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25.2.1 Using the getopt function

Here are the details about how to call the getopt function. To use this facility, your program must include the header file unistd.h.

Variable: int opterr

If the value of this variable is nonzero, then getopt prints an error message to the standard error stream if it encounters an unknown option character or an option with a missing required argument. This is the default behavior. If you set this variable to zero, getopt does not print any messages, but it still returns the character ? to indicate an error.

Variable: int optopt

When getopt encounters an unknown option character or an option with a missing required argument, it stores that option character in this variable. You can use this for providing your own diagnostic messages.

Variable: int optind

This variable is set by getopt to the index of the next element of the argv array to be processed. Once getopt has found all of the option arguments, you can use this variable to determine where the remaining non-option arguments begin. The initial value of this variable is 1.

Variable: char * optarg

This variable is set by getopt to point at the value of the option argument, for those options that accept arguments.

Function: int getopt (int argc, char *const *argv, const char *options)

Preliminary: | MT-Unsafe race:getopt env | AS-Unsafe heap i18n lock corrupt | AC-Unsafe mem lock corrupt | See POSIX Safety Concepts.

The getopt function gets the next option argument from the argument list specified by the argv and argc arguments. Normally these values come directly from the arguments received by main.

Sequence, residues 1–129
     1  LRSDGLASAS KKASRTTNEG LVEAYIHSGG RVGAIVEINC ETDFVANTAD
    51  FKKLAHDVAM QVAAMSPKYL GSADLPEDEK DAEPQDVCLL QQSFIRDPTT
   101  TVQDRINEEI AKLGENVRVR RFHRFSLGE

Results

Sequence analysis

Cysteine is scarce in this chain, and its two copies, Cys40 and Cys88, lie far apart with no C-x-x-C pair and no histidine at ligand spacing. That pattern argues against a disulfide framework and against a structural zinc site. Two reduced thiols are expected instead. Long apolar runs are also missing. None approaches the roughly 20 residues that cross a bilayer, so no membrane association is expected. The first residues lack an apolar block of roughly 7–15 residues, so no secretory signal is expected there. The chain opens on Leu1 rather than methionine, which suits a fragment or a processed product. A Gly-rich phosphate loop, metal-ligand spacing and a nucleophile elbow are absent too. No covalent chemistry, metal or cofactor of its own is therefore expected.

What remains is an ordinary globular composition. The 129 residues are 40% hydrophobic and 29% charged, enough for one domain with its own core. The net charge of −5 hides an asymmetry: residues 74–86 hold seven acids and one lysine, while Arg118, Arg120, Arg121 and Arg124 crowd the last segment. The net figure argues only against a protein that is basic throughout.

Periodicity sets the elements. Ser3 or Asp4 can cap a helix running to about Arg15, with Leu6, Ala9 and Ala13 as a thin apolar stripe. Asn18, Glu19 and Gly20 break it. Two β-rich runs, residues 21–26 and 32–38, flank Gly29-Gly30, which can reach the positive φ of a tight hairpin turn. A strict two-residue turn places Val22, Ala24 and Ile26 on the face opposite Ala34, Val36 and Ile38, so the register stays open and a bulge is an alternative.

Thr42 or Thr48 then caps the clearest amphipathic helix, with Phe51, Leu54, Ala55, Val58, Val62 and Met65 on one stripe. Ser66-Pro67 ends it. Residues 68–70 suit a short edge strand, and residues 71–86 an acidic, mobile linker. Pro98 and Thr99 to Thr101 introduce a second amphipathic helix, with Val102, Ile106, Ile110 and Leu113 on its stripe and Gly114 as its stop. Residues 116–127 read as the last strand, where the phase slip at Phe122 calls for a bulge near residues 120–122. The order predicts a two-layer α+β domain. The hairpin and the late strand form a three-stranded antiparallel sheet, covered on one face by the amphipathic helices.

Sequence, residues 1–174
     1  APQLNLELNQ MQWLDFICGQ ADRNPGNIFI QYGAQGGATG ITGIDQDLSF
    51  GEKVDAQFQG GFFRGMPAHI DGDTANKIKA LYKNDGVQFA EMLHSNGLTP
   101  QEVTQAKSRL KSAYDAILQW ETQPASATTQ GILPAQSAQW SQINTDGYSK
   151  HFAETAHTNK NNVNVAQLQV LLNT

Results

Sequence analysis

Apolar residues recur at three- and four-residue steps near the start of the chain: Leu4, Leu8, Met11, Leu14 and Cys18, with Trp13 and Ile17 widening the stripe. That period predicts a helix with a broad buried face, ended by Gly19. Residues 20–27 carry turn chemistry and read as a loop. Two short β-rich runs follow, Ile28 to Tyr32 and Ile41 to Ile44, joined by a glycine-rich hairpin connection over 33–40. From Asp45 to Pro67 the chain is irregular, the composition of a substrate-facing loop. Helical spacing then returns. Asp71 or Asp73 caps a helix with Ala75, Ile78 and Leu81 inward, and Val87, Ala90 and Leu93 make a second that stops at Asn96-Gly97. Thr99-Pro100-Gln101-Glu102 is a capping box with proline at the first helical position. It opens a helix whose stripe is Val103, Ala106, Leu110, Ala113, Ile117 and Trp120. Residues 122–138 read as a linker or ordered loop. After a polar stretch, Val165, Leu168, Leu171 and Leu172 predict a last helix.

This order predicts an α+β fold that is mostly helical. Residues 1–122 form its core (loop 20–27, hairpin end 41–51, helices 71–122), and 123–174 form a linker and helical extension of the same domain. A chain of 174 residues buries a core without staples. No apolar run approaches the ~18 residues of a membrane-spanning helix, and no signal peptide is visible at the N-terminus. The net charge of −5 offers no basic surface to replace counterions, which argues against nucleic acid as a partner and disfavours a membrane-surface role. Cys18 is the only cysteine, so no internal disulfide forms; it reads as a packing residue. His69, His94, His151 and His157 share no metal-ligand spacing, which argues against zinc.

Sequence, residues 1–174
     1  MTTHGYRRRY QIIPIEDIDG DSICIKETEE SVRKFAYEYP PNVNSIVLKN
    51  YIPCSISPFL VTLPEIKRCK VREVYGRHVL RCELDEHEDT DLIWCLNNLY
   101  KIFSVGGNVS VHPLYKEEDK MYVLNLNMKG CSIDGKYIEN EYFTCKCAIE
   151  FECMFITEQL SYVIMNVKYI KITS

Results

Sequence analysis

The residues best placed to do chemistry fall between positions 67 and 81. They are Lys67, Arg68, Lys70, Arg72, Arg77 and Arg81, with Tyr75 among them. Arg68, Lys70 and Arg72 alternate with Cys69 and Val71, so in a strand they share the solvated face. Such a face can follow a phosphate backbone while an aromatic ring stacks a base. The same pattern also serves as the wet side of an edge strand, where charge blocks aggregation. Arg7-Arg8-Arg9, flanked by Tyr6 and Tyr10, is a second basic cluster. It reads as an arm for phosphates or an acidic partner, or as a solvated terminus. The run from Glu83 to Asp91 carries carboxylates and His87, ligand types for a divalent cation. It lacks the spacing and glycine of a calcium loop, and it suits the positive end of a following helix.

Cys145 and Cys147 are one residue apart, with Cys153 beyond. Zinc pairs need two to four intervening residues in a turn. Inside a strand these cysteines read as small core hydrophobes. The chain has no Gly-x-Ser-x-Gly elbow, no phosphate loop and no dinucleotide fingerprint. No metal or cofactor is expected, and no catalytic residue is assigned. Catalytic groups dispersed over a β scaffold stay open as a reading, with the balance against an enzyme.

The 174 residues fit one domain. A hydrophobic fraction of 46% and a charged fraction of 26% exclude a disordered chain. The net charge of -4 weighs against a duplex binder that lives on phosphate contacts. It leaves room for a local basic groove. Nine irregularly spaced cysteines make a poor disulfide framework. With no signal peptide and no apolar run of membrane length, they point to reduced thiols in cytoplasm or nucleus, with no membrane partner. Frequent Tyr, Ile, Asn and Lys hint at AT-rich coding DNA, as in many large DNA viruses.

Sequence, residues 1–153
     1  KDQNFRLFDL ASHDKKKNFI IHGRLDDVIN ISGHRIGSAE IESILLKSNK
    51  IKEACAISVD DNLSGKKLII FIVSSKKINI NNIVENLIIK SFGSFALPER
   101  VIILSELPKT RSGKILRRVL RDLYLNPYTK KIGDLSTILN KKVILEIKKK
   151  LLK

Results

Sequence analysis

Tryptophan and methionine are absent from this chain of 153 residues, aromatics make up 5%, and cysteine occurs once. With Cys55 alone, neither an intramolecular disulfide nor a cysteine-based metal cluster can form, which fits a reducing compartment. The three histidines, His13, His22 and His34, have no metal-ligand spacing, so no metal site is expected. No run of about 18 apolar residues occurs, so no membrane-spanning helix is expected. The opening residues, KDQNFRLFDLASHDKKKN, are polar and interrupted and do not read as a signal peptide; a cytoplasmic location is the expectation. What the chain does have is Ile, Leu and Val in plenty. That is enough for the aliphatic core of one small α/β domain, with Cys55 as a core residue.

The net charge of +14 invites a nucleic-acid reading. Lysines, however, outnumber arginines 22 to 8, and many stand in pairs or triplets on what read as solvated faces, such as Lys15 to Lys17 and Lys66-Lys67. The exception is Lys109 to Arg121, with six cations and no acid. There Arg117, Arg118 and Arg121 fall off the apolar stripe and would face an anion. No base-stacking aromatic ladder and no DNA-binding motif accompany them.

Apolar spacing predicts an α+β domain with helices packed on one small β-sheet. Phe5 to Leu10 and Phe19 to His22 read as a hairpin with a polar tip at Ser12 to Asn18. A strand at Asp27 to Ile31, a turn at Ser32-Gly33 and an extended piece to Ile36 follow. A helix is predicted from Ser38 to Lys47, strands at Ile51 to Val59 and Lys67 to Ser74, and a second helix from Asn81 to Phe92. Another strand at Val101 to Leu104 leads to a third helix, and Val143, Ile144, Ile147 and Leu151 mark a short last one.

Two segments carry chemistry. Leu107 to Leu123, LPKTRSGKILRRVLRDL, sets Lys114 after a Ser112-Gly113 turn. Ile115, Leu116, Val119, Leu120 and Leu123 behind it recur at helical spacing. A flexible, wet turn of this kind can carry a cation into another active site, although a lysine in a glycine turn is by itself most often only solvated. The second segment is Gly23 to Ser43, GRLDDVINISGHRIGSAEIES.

The options argument is a string that specifies the option characters that are valid for this program. An option character in this string can be followed by a colon (‘:’) to indicate that it takes a required argument. If an option character is followed by two colons (‘::’), its argument is optional; this is a GNU extension.

getopt has three ways to deal with options that follow non-options argv elements. The special argument ‘--’ forces in all cases the end of option scanning.

  • The default is to permute the contents of argv while scanning it so that eventually all the non-options are at the end. This allows options to be given in any order, even with programs that were not written to expect this.
  • If the options argument string begins with a hyphen (‘-’), this is treated specially. It permits arguments that are not options to be returned as if they were associated with option character ‘\1’.
  • POSIX demands the following behavior: the first non-option stops option processing. This mode is selected by either setting the environment variable POSIXLY_CORRECT or beginning the options argument string with a plus sign (‘+’).

The getopt function returns the option character for the next command line option. When no more option arguments are available, it returns -1. There may still be more non-option arguments; you must compare the external variable optind against the argc parameter to check this.

If the option has an argument, getopt returns the argument by storing it in the variable optarg. You don’t ordinarily need to copy the optarg string, since it is a pointer into the original argv array, not into a static area that might be overwritten.

If getopt finds an option character in argv that was not included in options, or a missing option argument, it returns ‘?’ and sets the external variable optopt to the actual option character. If the first character of options is a colon (‘:’), then getopt returns ‘:’ instead of ‘?’ to indicate a missing option argument. In addition, if the external variable opterr is nonzero (which is the default), getopt prints an error message.

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